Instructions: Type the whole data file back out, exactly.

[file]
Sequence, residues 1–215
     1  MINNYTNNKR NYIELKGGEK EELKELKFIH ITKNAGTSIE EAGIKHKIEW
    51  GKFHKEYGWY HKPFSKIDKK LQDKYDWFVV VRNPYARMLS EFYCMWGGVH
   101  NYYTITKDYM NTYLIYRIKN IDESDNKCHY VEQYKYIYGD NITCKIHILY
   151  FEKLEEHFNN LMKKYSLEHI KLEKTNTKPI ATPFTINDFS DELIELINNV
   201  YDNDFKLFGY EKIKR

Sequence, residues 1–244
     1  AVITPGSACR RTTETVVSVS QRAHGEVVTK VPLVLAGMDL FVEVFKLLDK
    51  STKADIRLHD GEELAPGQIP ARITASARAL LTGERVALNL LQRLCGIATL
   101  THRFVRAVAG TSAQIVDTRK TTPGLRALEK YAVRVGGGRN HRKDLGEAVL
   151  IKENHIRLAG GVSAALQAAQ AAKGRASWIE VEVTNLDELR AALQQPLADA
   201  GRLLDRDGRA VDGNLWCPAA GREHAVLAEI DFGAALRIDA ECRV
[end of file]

Sequence, residues 1–215
     1  MINNYTNNKR NYIELKGGEK EELKELKFIH ITKNAGTSIE EAGIKHKIEW
    51  GKFHKEYGWY HKPFSKIDKK LQDKYDWFVV VRNPYARMLS EFYCMWGGVH
   101  NYYTITKDYM NTYLIYRIKN IDESDNKCHY VEQYKYIYGD NITCKIHILY
   151  FEKLEEHFNN LMKKYSLEHI KLEKTNTKPI ATPFTINDFS DELIELINNV
   201  YDNDFKLFGY EKIKR

Sequence, residues 1–244
     1  AVITPGSACR RTTETVVSVS QRAHGEVVTK VPLVLAGMDL FVEVFKLLDK
    51  STKADIRLHD GEELAPGQIP ARITASARAL LTGERVALNL LQRLCGIATL
   101  THRFVRAVAG TSAQIVDTRK TTPGLRALEK YAVRVGGGRN HRKDLGEAVL
   151  IKENHIRLAG GVSAALQAAQ AAKGRASWIE VEVTNLDELR AALQQPLADA
   201  GRLLDRDGRA VDGNLWCPAA GREHAVLAEI DFGAALRIDA ECRV